Both parties are putting political spin on the deficit reduction contained in President Obama’s $3.78 trillion budget plan.
- Obama said his budget would cut deficits by “nearly another $2 trillion” over 10 years. Two prominent Republicans said it would only reduce deficits by about $600 billion. The question is: compared with what? The budget provides for $600 billion in additional deficit reduction. Obama arrives at a higher figure by replacing about $1.1 trillion in sequester cuts that have begun to take effect.
- The president repeated the exaggerated claim that his budget brings deficit reduction to a level that “independent economists believe we need to stabilize our finances.” Independent economists say it’s not enough to stabilize the debt.
President Obama announced his budget plan in the White House Rose Garden on April 10. With a mix of spending cuts and new taxes, Obama claimed it was a “fiscally responsible blueprint for middle-class jobs and growth.” But many Republicans quickly assailed the plan for not cutting deficits deeply or quickly enough. We’ll sort through some of the spin.
How Much Deficit Reduction?
Obama said his budget would cut deficits by nearly $2 trillion over 10 years. Sens. Mitch McConnell and Orrin Hatch said it’s more like $600 billion. At the crux of the issue is whether or not you count the roughly $1.1 trillion worth of deficit cuts from the sequester or not. So it’s a disagreement about baselines. Aside from that, there’s not as much disagreement as the rhetoric might suggest.
Here’s what Obama said when he formally released his budget plan on April 10:
Obama, April 10: My budget will reduce our deficits by nearly another $2 trillion, so that all told we will have surpassed the goal of $4 trillion in deficit reduction that independent economists believe we need to stabilize our finances.
Obama says nearly $2 trillion, and the actual figure in his budget is $1.8 trillion over 10 years.
In a press release pushing back against Obama’s proposal, Hatch called the claim of a $1.8 trillion reduction in deficits “false.”
Hatch, April 10: Falsely claiming $1.8 trillion in deficit reduction, as the President proposes, isn’t the kind of leadership the people of Utah and America deserve.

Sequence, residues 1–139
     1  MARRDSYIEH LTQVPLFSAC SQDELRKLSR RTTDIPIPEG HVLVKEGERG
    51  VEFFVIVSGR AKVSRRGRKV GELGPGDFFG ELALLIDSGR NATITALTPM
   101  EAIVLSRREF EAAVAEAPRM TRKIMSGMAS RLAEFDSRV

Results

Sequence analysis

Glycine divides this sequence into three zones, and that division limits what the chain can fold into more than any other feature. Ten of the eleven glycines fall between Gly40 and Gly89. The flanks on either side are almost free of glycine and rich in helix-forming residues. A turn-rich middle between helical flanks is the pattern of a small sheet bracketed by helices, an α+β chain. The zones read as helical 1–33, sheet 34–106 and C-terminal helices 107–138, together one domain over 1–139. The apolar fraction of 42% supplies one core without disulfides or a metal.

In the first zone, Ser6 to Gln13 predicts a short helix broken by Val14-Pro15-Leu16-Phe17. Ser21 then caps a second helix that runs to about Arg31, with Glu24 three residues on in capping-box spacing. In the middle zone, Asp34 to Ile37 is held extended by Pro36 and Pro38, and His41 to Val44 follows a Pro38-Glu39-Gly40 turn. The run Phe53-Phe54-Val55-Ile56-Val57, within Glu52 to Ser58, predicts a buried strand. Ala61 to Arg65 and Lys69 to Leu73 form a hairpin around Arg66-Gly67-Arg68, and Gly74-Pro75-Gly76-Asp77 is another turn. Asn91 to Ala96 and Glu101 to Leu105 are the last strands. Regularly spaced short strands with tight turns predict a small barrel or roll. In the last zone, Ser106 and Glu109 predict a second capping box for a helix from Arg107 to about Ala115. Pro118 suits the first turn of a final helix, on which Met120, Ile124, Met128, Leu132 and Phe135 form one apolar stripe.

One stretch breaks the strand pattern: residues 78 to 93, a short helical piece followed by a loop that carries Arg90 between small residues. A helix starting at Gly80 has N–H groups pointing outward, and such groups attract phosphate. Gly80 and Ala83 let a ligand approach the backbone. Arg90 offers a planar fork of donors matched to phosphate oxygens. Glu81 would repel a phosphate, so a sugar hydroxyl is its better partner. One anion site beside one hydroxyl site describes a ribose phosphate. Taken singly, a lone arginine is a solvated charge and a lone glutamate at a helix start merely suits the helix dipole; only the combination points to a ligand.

Earlier in the day, McConnell similarly criticized the outline of the plan that had been released before Obama’s formal unveiling.
McConnell, April 10: Now, the White House initially made some fantastic claims about the amount of deficit reduction supposedly contained in its budget. But when you cut through the spin and get to the facts, it looks like there’s less than $600 billion worth of reduction in there – and that’s over a decade – all of it coming from tax increases.
The disagreement is mostly about whether or not you assume a budget baseline that includes the sequester. As Hatch spokesman Matthew Harakal explained to us, “$1.2 trillion of the White House’s claimed $1.8 trillion in deficit reduction is already is going to occur regardless of the President’s budget (sequester, cuts already in current law, etc.) – the $600 billion is the remainder. So how can the White House claim that its budget will result in $1.8 trillion in deficit reduction when $1.2 trillion of those reductions are already happening? It’s misleading and just plain false for them to claim that.”
The sequester was part of the Budget Control Act of 2011, a negotiated compromise to raise the debt ceiling. Its intent was to encourage deeply divided lawmakers to forge a compromise that would result in savings of $1.5 trillion over 10 years. That compromise never came to pass, and the sequester was ultimately activated March 1.
The sequester — if it remains in place — will reduce federal spending in the 2013 fiscal year by $85 billion (and by a total of about $1.1 trillion over 10 years, according to the nonpartisan Congressional Budget Office).
White House economic adviser Jason Furman told FactCheck.org in a phone interview that it makes no sense to assume as a baseline sequester cuts that were never intended to be enacted, let alone kept in place over time.
“The rationale for that (the $1.8 trillion figure cited by Obama) is that the sequester was never a policy designed to stay in effect, but to motivate us to act,” Furman said. “And that’s exactly what we are engaged in right now.”
CBO considers the sequester as current law — and it is. But if opponents want to be sticklers on that point, Furman notes that the CBO also assumes that war spending and emergency Sandy relief will continue at current levels year after year — even though those expenses are expected to drop.